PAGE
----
The Israeli settlement project in occupied Palestinian territory, which started from the beginning of the Israeli occupation in 1967, has always been one of the most contentious aspects of the conflict.
From the beginning, these illegal settlements, including in East Jerusalem, were responsible for provoking fierce confrontations. And when the peace process started, this same Israeli policy proved the major obstacle to reaching a solution.
Many ideas have been presented in the course of trying to find a solution as to how the peace process should deal with these illegal facts on the ground. One of the more creative ones is the idea of a land-swap, which was presented first during the Camp David negotiations in 2000, where the Palestinian side accepted the principle, with the condition that swaps be equal in quality and quantity.
Another creative idea for dealing with this problem is the possibility of allowing Israeli citizens to stay inside a future Palestinian state. More than one Palestinian leader has already included such a possibility in their future scenarios and possible solutions.
However, this should also be qualified, particularly in terms of the legal status of those settlers who might choose to stay in an independent Palestinian state, as well as with regards to the land they have been living on.
Everybody who lives in the future Palestinian state obviously must abide by Palestinian laws and regulations, simply because all the territory of that state and the people living there come under the jurisdiction of that state. The land that Israeli settlers now live on, meanwhile, is land that is stolen from Palestinians, either individually or collectively.
This means that any settlers who choose to stay in a Palestinian state must understand that the land that they are illegally using now does not belong to them but to Palestinians who are likely still alive and hold the deeds.
There are different motivations for Israeli settlers living illegally in occupied Palestinian territory. Most of those motivations will disappear when these settlements are no longer under the extra-territorial jurisdiction of Israel, but some settlers might have certain attachments that could in reasonable numbers be tolerated under a fair solution that sees the creation of a Palestinian state.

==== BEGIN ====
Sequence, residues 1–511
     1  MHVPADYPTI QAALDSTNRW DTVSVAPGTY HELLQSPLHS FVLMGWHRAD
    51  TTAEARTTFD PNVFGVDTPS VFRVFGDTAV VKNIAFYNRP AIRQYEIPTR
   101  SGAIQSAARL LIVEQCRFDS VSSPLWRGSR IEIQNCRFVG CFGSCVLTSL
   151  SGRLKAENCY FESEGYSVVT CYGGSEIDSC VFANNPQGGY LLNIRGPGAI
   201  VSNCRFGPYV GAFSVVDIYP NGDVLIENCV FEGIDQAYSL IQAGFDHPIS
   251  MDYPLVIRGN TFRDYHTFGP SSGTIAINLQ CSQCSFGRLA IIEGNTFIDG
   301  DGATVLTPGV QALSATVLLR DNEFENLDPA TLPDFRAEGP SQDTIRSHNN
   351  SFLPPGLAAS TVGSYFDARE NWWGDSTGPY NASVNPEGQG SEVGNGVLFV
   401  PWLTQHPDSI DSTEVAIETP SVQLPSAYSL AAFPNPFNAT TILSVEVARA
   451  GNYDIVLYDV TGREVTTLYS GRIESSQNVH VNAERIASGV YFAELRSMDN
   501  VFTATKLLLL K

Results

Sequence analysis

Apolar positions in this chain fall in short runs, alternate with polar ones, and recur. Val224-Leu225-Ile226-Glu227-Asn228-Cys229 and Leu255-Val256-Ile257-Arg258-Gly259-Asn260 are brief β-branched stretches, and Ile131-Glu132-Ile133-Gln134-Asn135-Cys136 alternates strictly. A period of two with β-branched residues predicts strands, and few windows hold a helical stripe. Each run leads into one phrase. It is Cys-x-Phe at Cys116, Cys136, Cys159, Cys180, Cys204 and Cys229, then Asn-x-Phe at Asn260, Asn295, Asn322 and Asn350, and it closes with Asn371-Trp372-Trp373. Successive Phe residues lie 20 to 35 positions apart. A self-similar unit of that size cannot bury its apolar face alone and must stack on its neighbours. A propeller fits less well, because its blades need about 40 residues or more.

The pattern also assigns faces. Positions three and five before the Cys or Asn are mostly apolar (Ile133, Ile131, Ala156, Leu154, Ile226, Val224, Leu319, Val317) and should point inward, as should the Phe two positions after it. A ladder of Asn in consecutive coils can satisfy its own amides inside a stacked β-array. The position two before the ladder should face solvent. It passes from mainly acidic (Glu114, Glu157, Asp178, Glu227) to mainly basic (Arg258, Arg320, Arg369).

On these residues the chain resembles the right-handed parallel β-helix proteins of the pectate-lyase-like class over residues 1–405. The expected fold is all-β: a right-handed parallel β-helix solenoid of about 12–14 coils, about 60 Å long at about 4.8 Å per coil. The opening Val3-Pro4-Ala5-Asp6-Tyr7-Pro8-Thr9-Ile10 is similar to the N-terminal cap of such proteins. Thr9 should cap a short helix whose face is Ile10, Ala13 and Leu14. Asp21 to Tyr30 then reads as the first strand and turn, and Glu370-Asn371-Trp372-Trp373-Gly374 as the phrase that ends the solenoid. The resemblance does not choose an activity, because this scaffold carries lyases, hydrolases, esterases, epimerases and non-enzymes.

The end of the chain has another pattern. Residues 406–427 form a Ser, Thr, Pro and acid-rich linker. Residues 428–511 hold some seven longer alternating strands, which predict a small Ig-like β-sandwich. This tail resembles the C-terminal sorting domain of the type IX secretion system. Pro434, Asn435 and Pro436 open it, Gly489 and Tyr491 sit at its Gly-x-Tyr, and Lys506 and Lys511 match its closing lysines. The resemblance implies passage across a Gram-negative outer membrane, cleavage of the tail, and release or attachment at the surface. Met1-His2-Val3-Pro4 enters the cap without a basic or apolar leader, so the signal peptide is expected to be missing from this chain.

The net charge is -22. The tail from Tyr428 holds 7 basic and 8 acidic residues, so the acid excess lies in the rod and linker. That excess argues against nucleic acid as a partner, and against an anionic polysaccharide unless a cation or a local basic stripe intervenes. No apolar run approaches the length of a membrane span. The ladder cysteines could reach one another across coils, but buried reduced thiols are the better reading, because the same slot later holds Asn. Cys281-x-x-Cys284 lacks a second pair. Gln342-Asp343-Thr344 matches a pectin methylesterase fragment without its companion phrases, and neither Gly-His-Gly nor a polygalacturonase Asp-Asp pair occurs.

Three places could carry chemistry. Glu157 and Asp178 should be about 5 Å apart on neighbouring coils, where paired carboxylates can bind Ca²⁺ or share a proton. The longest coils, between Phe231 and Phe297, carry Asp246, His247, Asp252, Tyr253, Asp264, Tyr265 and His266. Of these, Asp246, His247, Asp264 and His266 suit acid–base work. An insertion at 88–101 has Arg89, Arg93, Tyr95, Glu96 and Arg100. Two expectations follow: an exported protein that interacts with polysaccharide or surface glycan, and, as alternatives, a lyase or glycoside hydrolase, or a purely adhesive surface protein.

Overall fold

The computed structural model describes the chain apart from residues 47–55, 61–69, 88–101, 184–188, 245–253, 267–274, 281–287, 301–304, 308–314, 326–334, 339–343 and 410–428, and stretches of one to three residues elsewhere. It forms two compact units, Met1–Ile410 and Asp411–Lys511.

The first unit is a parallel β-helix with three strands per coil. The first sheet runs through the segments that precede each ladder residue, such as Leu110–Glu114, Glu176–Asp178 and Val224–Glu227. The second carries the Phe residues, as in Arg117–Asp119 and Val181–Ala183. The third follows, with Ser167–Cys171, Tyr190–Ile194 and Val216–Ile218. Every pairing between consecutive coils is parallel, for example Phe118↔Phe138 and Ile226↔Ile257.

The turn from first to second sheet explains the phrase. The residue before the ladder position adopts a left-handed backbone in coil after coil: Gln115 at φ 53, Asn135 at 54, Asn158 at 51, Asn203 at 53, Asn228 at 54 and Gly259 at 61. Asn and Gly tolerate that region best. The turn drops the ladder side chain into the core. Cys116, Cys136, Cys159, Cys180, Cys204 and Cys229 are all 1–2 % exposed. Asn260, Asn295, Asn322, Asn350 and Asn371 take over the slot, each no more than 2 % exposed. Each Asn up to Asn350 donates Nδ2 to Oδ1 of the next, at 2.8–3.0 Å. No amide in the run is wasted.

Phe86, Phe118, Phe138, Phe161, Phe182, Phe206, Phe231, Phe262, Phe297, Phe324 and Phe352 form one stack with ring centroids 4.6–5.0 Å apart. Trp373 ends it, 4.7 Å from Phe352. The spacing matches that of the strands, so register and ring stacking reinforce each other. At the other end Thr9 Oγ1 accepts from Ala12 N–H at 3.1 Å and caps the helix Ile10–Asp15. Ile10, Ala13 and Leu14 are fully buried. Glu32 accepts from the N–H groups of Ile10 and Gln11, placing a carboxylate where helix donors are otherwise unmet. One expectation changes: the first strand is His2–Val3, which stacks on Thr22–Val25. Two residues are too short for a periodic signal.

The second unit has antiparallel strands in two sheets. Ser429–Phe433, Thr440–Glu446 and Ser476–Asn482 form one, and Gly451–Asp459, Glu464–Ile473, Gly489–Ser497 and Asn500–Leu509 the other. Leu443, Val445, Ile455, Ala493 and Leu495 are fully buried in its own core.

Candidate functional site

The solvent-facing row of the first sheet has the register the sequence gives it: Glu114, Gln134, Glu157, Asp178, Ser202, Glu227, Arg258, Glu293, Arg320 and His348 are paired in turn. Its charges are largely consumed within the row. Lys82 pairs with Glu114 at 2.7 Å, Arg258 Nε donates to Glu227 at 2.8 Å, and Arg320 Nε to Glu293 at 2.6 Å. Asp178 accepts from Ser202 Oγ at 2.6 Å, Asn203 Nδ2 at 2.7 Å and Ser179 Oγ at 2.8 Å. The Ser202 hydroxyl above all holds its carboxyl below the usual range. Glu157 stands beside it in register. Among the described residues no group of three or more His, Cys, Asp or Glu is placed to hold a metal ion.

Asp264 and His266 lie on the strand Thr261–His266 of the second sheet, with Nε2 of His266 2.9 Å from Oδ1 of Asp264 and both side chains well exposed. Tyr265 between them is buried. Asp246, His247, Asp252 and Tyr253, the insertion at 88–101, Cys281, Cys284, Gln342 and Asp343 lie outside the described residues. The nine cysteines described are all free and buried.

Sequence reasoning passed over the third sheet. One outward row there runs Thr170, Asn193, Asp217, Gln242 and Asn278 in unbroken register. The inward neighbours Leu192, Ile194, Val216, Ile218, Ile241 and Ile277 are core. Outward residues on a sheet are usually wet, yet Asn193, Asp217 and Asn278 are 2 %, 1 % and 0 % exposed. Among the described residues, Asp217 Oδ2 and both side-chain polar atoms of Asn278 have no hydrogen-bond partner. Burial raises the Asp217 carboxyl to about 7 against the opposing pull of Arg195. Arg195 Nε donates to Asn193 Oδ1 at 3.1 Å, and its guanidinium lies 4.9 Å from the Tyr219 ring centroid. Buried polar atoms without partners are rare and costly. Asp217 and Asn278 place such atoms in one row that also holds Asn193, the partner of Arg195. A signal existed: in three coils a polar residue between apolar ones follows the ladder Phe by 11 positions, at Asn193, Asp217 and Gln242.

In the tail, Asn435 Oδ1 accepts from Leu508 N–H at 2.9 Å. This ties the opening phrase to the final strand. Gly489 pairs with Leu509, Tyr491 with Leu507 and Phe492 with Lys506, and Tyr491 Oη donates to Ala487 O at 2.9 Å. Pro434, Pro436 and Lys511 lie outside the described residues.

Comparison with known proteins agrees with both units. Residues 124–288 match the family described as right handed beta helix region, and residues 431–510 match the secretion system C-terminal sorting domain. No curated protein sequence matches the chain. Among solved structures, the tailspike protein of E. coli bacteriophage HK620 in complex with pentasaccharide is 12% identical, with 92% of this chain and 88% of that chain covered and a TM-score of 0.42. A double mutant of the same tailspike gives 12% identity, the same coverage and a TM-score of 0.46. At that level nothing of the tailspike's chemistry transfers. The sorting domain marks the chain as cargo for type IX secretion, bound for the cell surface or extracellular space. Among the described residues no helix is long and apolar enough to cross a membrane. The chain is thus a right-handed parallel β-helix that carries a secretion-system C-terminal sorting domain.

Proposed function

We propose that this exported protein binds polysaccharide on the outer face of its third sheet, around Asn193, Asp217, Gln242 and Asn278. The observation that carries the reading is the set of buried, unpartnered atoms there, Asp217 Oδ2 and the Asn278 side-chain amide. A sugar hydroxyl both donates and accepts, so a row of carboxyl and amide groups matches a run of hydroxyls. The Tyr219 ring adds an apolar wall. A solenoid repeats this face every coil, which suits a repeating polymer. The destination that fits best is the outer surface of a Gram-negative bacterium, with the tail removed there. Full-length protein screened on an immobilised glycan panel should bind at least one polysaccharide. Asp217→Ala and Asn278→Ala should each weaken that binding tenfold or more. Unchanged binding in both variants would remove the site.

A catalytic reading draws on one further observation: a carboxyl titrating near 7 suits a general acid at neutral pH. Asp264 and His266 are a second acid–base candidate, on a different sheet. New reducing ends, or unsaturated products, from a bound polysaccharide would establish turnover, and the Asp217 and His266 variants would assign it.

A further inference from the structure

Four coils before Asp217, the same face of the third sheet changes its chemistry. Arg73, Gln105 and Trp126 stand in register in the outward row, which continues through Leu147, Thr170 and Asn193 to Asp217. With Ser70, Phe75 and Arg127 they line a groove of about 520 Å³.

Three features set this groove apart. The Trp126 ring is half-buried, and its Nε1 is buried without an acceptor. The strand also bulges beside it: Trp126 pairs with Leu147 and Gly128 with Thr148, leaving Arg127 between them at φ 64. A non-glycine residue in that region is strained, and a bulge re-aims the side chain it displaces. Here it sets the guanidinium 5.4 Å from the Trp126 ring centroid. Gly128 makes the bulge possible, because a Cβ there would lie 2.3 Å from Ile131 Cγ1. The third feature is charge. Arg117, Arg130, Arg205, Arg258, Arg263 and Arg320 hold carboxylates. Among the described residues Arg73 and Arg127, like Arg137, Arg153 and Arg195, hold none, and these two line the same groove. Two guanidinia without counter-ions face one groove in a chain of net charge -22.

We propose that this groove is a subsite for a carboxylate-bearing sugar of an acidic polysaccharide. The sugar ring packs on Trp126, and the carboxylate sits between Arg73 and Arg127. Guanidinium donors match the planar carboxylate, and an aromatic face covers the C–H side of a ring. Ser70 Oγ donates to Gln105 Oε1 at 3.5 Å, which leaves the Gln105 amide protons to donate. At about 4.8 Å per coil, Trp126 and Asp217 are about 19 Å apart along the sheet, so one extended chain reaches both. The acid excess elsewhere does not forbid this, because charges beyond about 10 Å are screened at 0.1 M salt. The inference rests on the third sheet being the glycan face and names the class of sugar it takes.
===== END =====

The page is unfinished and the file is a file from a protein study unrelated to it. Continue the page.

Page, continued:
Yet the continuing expansion and increase of illegal settlements, including in East Jerusalem, will only make it gradually more difficult if not impossible to find creative ideas and solutions to the settlement problem in the course of negotiations.
Indeed, the creative ideas described here are being intentionally misused by some Israeli officials to justify continuing the extremely dangerous expansion of settlements. Ideas that seem to accommodate certain aspects of settlement policy, such as land swaps or accepting settlers in a future Palestinian state, are used, or misused, to further propel settlement building under the justification that the peace process will find a way to accommodate it.
For these reasons there has recently been a growing debate among Palestinians, including moderate supporters of the peace process, that such creative proposals should be withdrawn from the negotiating table as long as no seriousness is evinced from the Israeli side that it is interested in progress in the peace process, rather than simply in abusing the peace process to facilitate the illegal expansion of settlements.